Jesus came standing next to Mary Magdalene, but she did not know it was him. When Jesus called Mary by name, she recognized him. A most brief and beautiful portrait, so intimate, so familiar. Mary felt she had lost everything: her Lord, her friend, her way. Called by her name, Mary was found; she regained sight, saw Jesus beside her.
Jesus calls us by name. Some people hear God speak literally, audibly, as Mary did. That is not my experience. If it is, I missed it. If you experience that, be grateful. I do hear God call me by name, and it is powerful, resurrection power, like what Mary experienced. I bet you have experienced it too. Continue reading
John 18:1 – 19:42
Our efforts cultivating the fruit of the earth were modest at best, because growing up in Brooklyn meant not have having much gardening space. In our backyard, we had a few small rectangles of soil in which to plant our hopes for fresh vegetables and herbs. We experimented with everything from eggplants to pumpkins, but what I remember most is the tomato plants tended by my father and grandfather, taller than me at the time and filled with beautiful ripe tomatoes. That such a prodigious crop could come from so tiny a handful of seeds never ceased to amaze me. And after we had planted the seeds for next season, I waited with a mixture of hope and awe for what seemed like a miracle, new tomato plants rising from the ground in which the seeds were buried.
Nowadays, many of us who live in cities don’t consider anything about our food very miraculous, and we probably aren’t familiar with placing all our faith in a seed. But the lives of our ancestors, certainly in Jesus’ time, were intimately woven with nature’s cycles of death and new life. The fruit of each plant gives its life for the rich potential of its seeds, and each seed itself must die so to bring forth new growth. Continue reading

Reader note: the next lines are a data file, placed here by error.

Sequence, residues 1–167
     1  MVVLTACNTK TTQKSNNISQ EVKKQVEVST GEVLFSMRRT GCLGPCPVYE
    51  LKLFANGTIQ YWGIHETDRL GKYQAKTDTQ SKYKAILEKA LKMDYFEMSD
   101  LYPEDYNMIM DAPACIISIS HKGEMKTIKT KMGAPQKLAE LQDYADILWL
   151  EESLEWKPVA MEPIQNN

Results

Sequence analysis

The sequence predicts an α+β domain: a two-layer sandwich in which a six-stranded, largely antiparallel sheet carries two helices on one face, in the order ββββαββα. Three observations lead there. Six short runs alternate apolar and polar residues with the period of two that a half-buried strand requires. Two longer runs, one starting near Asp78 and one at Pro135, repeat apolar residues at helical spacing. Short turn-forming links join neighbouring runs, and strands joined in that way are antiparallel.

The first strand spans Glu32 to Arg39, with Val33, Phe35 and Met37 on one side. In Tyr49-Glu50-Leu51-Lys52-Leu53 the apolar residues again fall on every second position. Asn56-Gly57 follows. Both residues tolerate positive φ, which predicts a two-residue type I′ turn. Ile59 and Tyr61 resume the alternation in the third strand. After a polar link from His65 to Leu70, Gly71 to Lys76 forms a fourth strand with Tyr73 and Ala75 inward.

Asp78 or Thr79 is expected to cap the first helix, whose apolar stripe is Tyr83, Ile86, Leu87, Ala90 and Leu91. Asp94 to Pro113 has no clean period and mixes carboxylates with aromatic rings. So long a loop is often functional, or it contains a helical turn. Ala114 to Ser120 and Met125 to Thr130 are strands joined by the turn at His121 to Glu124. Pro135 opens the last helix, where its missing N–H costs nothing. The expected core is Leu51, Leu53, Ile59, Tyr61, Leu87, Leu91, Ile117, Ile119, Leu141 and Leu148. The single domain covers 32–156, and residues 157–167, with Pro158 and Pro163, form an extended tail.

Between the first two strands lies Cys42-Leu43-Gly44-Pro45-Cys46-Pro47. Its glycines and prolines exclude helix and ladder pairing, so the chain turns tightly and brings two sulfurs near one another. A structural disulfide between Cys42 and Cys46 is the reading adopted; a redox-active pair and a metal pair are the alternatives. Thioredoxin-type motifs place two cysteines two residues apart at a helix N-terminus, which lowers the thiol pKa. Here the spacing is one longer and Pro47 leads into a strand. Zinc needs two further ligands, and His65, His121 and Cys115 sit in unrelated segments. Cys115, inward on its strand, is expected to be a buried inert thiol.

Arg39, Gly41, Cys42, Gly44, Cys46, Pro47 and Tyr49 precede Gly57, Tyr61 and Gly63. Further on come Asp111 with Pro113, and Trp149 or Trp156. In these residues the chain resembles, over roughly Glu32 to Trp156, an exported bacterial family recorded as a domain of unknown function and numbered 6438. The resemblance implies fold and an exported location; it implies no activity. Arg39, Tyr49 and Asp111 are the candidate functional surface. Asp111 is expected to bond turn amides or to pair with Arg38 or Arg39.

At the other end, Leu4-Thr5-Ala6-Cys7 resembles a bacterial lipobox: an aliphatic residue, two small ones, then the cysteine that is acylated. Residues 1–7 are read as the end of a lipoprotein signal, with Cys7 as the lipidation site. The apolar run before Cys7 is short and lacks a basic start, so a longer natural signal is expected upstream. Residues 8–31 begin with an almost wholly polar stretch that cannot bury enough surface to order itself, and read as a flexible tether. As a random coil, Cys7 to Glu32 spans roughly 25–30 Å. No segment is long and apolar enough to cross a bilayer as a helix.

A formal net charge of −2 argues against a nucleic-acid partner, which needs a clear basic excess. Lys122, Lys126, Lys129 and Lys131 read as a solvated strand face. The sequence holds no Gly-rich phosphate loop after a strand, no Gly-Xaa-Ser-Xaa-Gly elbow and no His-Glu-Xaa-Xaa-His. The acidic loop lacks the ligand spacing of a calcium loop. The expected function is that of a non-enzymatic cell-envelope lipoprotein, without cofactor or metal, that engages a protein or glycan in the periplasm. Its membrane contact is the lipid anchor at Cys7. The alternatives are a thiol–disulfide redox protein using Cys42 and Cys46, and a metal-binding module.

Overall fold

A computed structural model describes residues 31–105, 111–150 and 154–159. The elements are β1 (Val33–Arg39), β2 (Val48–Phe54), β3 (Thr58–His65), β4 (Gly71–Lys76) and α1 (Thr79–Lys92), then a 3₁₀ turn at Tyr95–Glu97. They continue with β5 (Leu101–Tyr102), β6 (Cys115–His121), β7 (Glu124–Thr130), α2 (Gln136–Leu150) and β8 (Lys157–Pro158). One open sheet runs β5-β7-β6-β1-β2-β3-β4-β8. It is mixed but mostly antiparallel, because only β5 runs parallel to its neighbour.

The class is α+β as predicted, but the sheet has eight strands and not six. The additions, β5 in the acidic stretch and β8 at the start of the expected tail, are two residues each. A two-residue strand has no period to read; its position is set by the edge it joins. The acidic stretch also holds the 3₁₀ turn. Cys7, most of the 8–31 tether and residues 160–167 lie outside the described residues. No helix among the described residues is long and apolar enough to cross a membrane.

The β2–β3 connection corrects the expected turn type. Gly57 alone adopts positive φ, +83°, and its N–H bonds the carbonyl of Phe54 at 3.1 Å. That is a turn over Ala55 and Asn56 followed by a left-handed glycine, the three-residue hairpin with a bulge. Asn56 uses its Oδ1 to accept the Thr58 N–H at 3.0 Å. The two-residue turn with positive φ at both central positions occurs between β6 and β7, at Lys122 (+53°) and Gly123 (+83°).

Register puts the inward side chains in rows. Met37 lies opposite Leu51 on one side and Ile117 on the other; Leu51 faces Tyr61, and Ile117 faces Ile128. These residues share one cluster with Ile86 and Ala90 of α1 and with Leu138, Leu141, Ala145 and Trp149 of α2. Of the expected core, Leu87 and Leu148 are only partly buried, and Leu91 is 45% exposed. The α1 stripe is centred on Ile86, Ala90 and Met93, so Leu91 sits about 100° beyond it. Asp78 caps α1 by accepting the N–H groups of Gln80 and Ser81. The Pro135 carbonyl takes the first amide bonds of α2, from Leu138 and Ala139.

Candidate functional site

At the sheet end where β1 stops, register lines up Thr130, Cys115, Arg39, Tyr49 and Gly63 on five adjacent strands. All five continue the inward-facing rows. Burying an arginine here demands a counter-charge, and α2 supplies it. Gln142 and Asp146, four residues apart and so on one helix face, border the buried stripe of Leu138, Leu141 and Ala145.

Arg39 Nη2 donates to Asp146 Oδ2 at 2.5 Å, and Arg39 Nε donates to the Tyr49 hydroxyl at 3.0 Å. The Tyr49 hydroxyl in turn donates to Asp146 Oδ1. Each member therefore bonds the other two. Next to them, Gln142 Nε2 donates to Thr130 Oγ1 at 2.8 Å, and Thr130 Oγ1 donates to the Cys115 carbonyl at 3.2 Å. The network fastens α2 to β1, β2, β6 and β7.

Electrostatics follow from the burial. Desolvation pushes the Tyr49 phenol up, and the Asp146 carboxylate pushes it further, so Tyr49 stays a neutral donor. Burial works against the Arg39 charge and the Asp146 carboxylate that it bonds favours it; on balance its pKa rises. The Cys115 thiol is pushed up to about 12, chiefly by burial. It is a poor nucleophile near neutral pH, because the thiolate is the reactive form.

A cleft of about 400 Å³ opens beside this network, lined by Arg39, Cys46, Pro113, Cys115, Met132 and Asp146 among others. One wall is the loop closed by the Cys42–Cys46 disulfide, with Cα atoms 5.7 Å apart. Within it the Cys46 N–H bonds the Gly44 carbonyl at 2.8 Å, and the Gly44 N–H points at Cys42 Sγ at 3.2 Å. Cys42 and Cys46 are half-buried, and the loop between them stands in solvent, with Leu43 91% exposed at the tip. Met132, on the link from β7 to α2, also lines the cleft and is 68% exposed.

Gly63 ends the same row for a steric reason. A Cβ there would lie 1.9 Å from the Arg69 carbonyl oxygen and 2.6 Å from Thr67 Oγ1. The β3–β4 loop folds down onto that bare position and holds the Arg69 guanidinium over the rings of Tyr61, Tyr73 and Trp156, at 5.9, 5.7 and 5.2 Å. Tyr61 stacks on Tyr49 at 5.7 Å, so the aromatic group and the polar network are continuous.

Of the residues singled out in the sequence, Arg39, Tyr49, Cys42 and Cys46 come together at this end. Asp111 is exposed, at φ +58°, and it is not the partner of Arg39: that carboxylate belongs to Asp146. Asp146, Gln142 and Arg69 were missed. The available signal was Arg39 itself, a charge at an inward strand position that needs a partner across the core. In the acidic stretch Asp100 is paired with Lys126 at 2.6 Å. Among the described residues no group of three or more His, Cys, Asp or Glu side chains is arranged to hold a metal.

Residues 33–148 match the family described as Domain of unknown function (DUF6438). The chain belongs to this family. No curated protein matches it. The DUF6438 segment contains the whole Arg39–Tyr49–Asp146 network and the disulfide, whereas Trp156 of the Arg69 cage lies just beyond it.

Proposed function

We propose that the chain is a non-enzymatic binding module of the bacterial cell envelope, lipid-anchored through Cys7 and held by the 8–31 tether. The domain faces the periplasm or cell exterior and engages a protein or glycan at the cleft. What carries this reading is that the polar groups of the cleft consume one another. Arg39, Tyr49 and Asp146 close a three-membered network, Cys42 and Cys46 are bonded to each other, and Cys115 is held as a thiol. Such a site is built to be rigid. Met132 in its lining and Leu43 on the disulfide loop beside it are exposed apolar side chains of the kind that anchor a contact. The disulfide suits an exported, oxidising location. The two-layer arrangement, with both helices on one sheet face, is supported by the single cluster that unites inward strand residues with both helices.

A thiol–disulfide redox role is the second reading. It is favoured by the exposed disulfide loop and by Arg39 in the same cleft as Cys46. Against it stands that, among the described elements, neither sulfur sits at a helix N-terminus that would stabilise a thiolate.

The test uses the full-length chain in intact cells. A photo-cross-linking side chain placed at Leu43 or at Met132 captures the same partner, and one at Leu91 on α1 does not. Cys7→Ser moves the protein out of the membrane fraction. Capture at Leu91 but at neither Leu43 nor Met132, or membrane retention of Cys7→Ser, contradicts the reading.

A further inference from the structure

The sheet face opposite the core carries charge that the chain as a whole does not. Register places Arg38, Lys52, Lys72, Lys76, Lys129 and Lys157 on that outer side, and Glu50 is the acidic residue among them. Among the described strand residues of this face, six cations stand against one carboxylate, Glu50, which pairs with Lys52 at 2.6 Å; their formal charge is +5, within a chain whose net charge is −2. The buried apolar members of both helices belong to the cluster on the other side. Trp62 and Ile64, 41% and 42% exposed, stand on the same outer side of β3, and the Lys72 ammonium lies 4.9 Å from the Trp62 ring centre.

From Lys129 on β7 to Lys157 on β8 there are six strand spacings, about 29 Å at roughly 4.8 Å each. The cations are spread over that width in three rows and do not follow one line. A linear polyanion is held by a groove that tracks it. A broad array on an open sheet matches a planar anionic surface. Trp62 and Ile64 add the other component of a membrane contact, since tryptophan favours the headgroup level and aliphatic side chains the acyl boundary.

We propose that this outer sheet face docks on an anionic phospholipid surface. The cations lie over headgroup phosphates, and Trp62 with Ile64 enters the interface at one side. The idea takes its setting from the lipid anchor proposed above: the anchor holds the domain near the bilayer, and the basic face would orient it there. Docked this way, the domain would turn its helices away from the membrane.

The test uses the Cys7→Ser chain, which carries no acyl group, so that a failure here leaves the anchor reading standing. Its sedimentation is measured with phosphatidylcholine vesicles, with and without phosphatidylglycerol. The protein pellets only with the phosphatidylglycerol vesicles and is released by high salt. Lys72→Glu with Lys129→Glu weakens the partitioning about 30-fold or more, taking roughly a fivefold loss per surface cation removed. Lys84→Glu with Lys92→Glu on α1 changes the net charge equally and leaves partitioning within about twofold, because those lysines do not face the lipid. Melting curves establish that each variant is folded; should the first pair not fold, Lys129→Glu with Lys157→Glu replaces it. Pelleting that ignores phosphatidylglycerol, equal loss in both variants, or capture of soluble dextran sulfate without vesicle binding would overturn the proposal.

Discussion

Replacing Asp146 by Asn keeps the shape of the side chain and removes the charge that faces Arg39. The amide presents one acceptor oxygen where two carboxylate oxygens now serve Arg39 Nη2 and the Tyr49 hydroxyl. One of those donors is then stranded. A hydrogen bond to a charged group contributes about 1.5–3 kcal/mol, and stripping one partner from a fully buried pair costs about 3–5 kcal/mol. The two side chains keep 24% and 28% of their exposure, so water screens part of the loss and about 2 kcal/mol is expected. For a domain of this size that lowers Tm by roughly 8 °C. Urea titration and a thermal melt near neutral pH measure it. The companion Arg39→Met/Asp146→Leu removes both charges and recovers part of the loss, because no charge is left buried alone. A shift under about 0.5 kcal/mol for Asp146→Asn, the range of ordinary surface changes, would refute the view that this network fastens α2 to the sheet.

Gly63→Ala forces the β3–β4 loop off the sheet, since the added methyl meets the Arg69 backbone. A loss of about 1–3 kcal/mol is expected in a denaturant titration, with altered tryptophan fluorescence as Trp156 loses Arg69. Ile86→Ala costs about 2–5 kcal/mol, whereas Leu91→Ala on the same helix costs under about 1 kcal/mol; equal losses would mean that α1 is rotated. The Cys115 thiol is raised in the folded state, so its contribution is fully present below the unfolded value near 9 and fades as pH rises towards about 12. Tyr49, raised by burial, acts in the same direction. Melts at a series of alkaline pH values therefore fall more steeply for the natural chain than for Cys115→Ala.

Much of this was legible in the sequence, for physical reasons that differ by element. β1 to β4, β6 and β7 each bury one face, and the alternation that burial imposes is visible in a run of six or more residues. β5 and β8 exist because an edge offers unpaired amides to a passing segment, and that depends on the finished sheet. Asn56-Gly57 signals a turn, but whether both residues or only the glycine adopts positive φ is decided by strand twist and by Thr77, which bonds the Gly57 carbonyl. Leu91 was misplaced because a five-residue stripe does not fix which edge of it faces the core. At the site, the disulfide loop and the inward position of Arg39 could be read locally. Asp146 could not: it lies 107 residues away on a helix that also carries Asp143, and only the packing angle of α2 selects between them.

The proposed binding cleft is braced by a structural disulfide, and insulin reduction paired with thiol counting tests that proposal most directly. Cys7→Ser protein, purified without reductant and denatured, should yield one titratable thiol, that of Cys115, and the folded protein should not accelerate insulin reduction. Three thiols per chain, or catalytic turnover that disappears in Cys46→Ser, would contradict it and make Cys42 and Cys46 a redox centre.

Fifth Sunday in Lent
Ezekiel 37: 1 – 14
Romans 8: 6 – 11
John 11: 1 – 45
I’m not sure how old I was. I might have been around 13 or so. One Sunday, our Rector, Mr. Pasterfield, challenged us in his sermon to find the shortest verse in the Bible. The one clue he gave us, was that this verse could be found in the Gospels. The rest was up to us. As the Brothers here in the community will tell you, I am often up for a challenge, and this one tweaked my budding inner theologian, so home I went, to see what I could find.
If I remember correctly, it took most of Sunday afternoon for me to find it, and I didn’t have any help from my parents. (In fact, I am not convinced that they knew either what the shortest verse was, or where to find it.) I started by skimming the chapters, and if I thought I had found it, I would count words, and then letters. Slowly I narrowed down the possibilities. At some point in the afternoon, much to my delight, I found it, right there on the thin onion skin pages of the King James Version of the Bible that sat on our bookshelves. It was just two words and only nine letters long: Jesus wept. Continue reading
Feast of Saint Edward the Confessor and Requiem for Brother John Goldring SSJE
Wisdom 3: 1-6
1 John 3: 1-2
John 20: 1-9
I first met John in the fall of 1981. I was at the Mission House in Bracebridge with a group of my fellow divinity students from Trinity College, Toronto for our annual fall retreat. I remember a number of things about that weekend. I remember that it was a wonderful fall weekend, much like the last several days have been here. Father Dalby, whom some of our will remember, was our retreat leader. And John preached at the Sunday Eucharist.
Now I don’t remember what John said in his homily, but I do remember that I, like my other classmates, was stunned by its simplicity, its brevity and its depth.Little did I know at the time, that John’s sermons would become a regular and important part of my spiritual life. Nor would I have ever guessed on that Sunday in the chapel at Brace bridge, that I would be standing here, 35 years later, presiding at his funeral as his brother and Superior. Continue reading